honored as aides. Indeed, the inclusion of non-Irish and non-Catholic honorees was an attempt to reflect the composition of the neighborhood, which itself was stressed in promotional literature for the parade. “Meet Me at McLean,” a phrase that adorned parade flyers, stressed the locality of the event. Indeed, the parade’s location was a convenience because many onlookers could walk, rather than drive, to the event, as they would have to for the celebration in southwest Yonkers. While the new parade was self-consciously multicultural, that it occurred in a largely white neighborhood surely appealed to parade participants and onlookers alike. What the future holds for this Yonkers neighborhood is unclear. The McLean Avenue section of southeast Yonkers is a profoundly transnational space, where flows of people, capital, goods, and ideologies intersect. Assimilated Irish ethnics, with deep ties to the city, might make “roots visits” to Ireland or to mass-produced Guinness pubs, so as to connect with their nineteenth-century past. They may live on the same street as Irish white flighters who enjoyed a U.S. political economy in which they could immigrate and secure employment with relative ease. Both Irish cohorts might be served food and beverages in the area by Irish newcomers who are not as fortunate as their predecessors. They leave an Ireland largely transformed by U.S. corporate investment and American styles of consumption, and they arrive in a city increasingly dependent on these vehicles of supposed growth. These flows will become only more intense as the fiscal austerity imposed on the Republic of Ireland will prompt more young people to leave, rather than shoulder the cost of aggressive privatization and corporate recklessness. They will arrive, however, in a space that is more likely to embrace Irish goods and services over people who fail to uphold Irish racial expectations. As they leave an increasingly fractious Republic of Ireland and arrive in a nation similarly fraught with growing inequality and an increasingly anti-immigrant climate, they will reach for race. Racial ideologies continue to travel across the Atlantic, as they did throughout the nineteenth century. Both then and now, in a context where it is difficult for not only these immigrants, but Americans at large to stake a claim to the United States socially, economically, and politically, they will disparage others in racially coded ways in an attempt to belong, replicating the very inequality that neoliberalism promises to diminish.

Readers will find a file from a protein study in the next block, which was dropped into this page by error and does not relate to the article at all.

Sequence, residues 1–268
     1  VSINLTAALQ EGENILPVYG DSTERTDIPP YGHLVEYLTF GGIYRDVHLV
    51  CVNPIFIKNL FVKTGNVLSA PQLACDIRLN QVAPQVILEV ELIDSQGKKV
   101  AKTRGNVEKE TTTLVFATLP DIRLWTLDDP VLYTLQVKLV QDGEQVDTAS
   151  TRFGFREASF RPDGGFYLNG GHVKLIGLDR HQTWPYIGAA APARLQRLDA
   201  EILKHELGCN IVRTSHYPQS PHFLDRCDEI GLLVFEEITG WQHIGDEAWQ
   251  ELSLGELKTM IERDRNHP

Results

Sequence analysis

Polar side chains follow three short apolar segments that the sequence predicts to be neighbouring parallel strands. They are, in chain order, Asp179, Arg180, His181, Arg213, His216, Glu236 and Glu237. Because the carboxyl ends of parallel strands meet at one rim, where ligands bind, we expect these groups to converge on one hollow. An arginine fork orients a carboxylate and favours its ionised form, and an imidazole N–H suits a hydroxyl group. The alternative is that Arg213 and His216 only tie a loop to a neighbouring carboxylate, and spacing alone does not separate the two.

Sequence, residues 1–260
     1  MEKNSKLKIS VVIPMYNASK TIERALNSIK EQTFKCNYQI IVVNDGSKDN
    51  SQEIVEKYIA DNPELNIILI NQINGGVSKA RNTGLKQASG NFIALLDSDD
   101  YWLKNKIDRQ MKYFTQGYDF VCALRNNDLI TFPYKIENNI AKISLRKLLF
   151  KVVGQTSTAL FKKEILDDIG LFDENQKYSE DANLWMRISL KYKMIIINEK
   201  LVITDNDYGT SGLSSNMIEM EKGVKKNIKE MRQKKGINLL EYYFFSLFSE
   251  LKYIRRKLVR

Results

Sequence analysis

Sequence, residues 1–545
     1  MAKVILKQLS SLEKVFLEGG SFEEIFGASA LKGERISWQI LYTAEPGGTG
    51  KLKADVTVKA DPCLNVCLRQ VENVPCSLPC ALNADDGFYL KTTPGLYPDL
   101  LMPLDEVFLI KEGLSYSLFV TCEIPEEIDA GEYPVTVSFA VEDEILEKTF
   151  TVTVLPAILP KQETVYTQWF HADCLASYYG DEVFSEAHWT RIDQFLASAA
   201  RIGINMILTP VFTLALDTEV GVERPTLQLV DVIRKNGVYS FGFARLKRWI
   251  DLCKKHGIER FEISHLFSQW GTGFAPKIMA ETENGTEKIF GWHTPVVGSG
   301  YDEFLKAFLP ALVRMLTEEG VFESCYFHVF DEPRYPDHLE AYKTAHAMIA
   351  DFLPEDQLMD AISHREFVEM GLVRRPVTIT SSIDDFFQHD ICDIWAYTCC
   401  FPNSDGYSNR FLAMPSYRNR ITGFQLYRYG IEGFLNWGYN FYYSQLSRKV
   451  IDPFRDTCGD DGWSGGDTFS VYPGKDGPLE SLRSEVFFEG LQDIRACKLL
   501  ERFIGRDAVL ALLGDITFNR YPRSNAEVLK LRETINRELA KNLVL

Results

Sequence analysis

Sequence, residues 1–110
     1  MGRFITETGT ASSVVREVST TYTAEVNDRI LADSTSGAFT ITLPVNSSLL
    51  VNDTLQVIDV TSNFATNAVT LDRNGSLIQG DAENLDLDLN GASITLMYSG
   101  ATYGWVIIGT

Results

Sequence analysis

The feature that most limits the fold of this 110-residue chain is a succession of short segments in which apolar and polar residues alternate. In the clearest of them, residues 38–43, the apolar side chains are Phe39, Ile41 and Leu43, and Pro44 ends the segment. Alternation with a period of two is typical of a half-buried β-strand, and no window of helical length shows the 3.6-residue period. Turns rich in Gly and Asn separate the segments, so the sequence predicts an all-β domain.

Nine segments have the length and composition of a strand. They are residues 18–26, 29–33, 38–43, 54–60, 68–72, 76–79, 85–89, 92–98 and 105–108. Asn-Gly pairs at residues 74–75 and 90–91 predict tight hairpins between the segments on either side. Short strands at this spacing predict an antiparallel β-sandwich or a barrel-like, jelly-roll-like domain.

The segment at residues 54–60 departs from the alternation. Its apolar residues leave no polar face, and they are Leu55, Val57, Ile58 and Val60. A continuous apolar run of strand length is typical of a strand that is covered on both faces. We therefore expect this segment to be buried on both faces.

This page intentionally left blank